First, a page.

Saturday, July 14, 2007
Many of my peers would probably avoid trying to place Michael Bay's update of the classic 80s cartoon Transformers in any kind of scholarly context, but I'm not always known for toeing the film critic party lines. In a sea of massive blockbusters, this one stands out as one that will be discussed in future years when the history of big-budget spectacle is revisited.
In terms of special effects, it's on par with the original Jurassic Park in terms of sheer grandeur. This is some of the finest CGI ever put on film. The movie also seems to highlight the disconnect between professional film critics and more casual movie buffs, a divide growing ever more pronounced and visible thanks to the internet…but more on that later.
Michael Bay may be an action maestro (the last 45 minutes of the movie is a protracted and massive brawl), but he's no Steven Spielberg. This is evident from the opening scene, in which a suspicious helicopter lands at a U.S. military base in the Middle East and proceeds to turn into a giant robot and destroy everything in sight. This is the first glimpse of a Transformer and I really hoped the sequence would be filled with awe. Unfortunately, Bay doesn't seem to have time for that. There's a lot of stuff around that needs to be blown up.
After that, we meet the high-strung young hero, Sam Witwicky (the charismatic Shia LeBeouf), an all-American lad about to get his first car. The beat up Camaro he drives home from the dealers turns out to be a Transformer itself, and Sam gets drawn into a galactic conflict of epic proportions. Set on destroying the Earth are the evil Deceptions, who turn into fearsome machines like tanks and fighter jets. Pitted against them are the autobots, which turn into more benevolent vehicles.
The Autobots are led by Optimus Prime, who is voiced by the tremendous Peter Cullen, who has been playing the character since the 80s. Recruiting him is the movie's ace in the hole; nobody else is qualified to play Prime and it's refreshing that the studio had enough sense to realize that. Cullen's distinctive characterization of the robot, both intimidating and full of warmth, is even more appreciated in such a sleek production. Megatron, leader of the Decepticons, is voiced by Hugo Weaving, so everyone start your Matrix jokes. ("You lead two lives, Mr. Prime. In one life, you are a mack truck….")
I've read interviews with the producers who describe Transformers as really just the story of "a boy and his car." Sounds nice, but I'm not sure I buy it. Not when that plotline is just one of numerous subplots contributing to the film's bulky running time. There's the British NSA agent (Rachel Taylor) and her goofy hacker friend (Anthony Anderson, going through his usual "loud doofus" motions), Pentagon officials screaming at each other, Agent Simmons (John Turturro) of "Sector 7," on-hand to offer some fun twists about the movie's backstory, and a small squad of U.S. soldiers (led by Josh Duhamel and Tyrese Gibson) who thought dealing with Iraqi insurgents was going to be the scariest thing they did out in the Middle East.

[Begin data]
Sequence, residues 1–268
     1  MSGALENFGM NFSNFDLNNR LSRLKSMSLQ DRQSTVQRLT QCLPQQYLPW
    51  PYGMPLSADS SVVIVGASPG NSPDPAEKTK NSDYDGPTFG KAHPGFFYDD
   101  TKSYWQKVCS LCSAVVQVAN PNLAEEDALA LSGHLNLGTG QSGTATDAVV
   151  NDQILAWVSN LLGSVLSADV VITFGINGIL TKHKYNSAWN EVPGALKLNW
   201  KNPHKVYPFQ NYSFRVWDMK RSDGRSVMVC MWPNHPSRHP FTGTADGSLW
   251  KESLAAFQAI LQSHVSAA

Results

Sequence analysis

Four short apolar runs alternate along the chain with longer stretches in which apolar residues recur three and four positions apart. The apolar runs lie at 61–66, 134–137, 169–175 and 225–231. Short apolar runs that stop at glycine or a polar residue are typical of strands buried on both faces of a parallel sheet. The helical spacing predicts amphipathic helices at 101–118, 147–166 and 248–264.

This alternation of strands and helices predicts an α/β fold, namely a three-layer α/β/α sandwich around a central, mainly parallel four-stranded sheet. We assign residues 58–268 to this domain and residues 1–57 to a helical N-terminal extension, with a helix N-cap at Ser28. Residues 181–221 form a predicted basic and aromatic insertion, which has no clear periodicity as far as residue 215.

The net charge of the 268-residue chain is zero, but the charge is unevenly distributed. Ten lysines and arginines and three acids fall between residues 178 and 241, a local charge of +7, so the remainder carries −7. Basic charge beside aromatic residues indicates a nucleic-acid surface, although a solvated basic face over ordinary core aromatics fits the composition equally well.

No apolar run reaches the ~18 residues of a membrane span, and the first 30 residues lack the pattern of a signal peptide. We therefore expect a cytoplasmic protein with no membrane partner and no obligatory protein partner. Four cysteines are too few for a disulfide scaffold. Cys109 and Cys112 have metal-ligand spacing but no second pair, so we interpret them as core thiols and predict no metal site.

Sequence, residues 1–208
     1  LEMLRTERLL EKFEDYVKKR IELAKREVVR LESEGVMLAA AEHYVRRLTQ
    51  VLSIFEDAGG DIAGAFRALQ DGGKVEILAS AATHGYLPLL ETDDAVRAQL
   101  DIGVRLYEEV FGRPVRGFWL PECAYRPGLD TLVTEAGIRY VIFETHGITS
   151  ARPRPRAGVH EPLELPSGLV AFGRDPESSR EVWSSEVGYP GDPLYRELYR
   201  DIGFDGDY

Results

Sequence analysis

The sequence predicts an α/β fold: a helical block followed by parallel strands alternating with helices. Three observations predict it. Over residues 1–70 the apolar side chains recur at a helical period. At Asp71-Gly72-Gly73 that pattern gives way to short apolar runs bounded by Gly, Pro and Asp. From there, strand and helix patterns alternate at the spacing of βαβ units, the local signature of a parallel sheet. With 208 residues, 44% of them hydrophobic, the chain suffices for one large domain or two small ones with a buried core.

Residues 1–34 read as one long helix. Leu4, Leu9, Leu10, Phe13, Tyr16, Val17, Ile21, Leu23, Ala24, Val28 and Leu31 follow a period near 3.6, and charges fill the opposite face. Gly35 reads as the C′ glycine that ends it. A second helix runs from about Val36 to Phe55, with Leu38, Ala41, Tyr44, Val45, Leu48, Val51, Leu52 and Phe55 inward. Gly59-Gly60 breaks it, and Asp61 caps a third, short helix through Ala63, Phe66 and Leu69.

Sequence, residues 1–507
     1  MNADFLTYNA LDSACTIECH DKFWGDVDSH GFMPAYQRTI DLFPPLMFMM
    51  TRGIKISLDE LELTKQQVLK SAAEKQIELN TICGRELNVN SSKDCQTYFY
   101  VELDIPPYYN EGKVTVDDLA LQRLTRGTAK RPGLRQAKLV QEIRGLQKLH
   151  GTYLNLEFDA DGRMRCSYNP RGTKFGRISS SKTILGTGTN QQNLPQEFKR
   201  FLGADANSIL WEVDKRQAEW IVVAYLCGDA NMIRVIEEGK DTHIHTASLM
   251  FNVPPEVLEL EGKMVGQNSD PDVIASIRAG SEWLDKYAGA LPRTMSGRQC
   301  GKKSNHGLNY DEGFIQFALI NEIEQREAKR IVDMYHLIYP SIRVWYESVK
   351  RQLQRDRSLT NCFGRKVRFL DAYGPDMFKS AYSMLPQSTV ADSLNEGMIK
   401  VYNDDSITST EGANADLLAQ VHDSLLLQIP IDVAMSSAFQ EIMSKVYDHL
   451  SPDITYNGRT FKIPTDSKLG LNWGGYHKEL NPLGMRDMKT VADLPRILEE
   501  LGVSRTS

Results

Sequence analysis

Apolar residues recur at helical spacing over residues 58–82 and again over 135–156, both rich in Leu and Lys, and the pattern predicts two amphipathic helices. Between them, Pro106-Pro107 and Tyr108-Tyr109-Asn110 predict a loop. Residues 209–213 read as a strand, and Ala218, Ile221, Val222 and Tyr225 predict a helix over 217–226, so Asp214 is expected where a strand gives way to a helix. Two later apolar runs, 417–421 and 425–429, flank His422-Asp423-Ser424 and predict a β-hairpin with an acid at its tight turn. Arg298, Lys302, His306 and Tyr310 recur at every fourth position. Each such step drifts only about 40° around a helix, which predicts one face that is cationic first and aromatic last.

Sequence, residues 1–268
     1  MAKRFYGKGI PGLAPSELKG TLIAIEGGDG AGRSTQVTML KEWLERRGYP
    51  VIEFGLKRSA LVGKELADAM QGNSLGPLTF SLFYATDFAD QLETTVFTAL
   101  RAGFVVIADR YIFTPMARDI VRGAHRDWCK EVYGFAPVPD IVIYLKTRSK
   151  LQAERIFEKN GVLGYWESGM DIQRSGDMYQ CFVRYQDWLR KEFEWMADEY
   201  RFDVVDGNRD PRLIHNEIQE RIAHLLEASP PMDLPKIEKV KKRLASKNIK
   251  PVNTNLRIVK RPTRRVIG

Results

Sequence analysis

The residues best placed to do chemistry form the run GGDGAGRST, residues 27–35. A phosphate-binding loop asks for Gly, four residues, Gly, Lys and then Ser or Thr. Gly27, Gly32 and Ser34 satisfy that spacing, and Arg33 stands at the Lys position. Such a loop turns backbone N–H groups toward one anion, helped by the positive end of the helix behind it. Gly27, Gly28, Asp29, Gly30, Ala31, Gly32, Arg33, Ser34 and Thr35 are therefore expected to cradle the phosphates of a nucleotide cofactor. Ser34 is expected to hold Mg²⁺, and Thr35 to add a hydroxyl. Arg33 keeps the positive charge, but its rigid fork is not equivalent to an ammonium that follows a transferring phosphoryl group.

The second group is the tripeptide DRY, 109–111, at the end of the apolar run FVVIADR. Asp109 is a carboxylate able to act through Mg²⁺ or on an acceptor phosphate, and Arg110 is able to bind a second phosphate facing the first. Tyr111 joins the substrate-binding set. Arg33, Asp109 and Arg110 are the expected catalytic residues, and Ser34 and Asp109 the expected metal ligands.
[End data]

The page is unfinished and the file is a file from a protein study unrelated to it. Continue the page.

You get the feeling some of this fat on the script by Roberto Orci and Alex Kurtzman could have been trimmed, but at least the soldier subplot offers one of the movie's most thrilling battle sequences: a stunning clash between a small division of the military and a scorpion-like transformer amidst crumbling ruins in the desert.
What you make of all this depends greatly on expectations. Contrary to popular belief, only the most uptight critics are immune to simple pleasures. The movie is a heaping helping of fun. The action and effects are tremendous, and it's often very funny. However, there's plenty to pick apart as well. The script is messy and bogged down with subplots, there isn't quite enough pure wonder to go around, and character exposition is often incredibly forced.
The almost inevitable response to that is something to the effect of "Who cares? Stuff blows up!" The invective-filled internet communities filled with those who seem to look at a movie as nothing more than a two-hour distraction will point to the high grosses of critically eviscerated films like Norbit and Wild Hogs as evidence that film criticism is obsolete. Critics often react with the knee-jerk response that the success of those films only proves that American are all idiots, but that only plays into their hands.
I propose a compromise. I do recommend Transformers for those looking for a blast of old-fashioned movie-magic and fun. If we could appreciate that in itself without running around calling every new blockbuster the "best movie ever," I think we'll all get along better.